Touching on global student mobility, Isabel Jennings explained that students from the US were Queen’s 4th largest international cohort. Referring to a recent international survey which had been completed by 10,000 students, she described how only 6% of those students had decided not to study overseas due to COVID-19, indicating a continuing demand to travel.

“One of the most important things that alumni have helped us with is offer holder reassurance sessions – virtual events – that have been heavily supported by alumni and that’s made a vast difference.”

In addressing the University’s aspiration to move up the Global Standings, she explained that the advocacy of graduates – in support of our reputation – in the US was hugely important in assisting with this ambition.

Isabel asked guests who might be in a position to assist through their own networks to promote Queen’s to US High Schools to get in touch.

Questions from the audience

The second half of the webinar was dedicated to questions from the online audience. The engaging Q&A highlighted the importance of sharing alumni knowledge and expertise.

Among the topics addressed were academic freedom and openness of debate and the level of awareness of Queen’s, Belfast and Northern Ireland.

One questioner asked if it might be possible to include online elements in US courses in partner institutions to raise visibility of Queen's as a destination of choice, a suggestion welcomed by Professor English.        

Asked about links with US institutions, Professor English explained the background to the University’s US strategy, which stemmed from existing connections with individual academics in individual institutions. “We hope it will continue to grow, we are not saying that other institutions are not equally precious to us but we have tried to concentrate resources and to look at those where we had academic connections and where we could grow organically and be as strong as possible.”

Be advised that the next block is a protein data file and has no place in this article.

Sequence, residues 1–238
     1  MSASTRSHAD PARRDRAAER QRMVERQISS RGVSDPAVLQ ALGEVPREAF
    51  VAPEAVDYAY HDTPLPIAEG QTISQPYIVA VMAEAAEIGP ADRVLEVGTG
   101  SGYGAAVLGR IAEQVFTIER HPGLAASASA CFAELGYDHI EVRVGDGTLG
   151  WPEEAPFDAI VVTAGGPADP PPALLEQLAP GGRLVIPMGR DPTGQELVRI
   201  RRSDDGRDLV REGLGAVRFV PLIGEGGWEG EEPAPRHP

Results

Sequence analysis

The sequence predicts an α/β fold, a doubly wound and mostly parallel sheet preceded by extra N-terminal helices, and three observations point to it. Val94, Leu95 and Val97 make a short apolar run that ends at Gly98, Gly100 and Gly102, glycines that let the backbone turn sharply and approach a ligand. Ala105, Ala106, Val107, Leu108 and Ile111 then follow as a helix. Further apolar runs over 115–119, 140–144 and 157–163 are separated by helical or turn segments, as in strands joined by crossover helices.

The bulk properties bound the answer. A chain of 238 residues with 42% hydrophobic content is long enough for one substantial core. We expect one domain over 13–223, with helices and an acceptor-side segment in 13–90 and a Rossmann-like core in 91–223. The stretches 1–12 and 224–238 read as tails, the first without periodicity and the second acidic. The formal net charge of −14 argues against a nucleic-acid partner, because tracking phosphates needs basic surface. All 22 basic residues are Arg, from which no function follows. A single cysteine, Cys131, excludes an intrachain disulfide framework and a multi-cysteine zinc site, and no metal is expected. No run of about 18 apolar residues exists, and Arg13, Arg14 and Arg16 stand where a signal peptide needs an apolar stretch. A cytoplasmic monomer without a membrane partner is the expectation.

“Connecting with High Schools,” added Isabel Jennings, “is something we only recently trialled. Every one of the High Schools we are talking to came about through a personal academic or alumni connection. While the numbers are small, California is the state where we have the highest traction, with New York and New Jersey on the East Coast also represented. It’s not just about access though; we want to give students who want to come to Queen’s the best possible experience.  

Other questions focused on the University’s Strategic Plan, how to donate to COVID-19 research at Queen’s and the possibility of supporting a careers mentoring network.

As always, we would love to hear your feedback! Please let us know if you have any comments or questions about the online webinar or the issues highlighted in this news story by emailing Julie Garrett and we will get back to you.

In Conversation – Queen’s after COVID-19 can be viewed in full on YouTube.

For general enquiries about this story, or to submit a graduate news item, please contact Gerry Power, Communications Officer, Development and Alumni Relations Office, Queen’s University Belfast.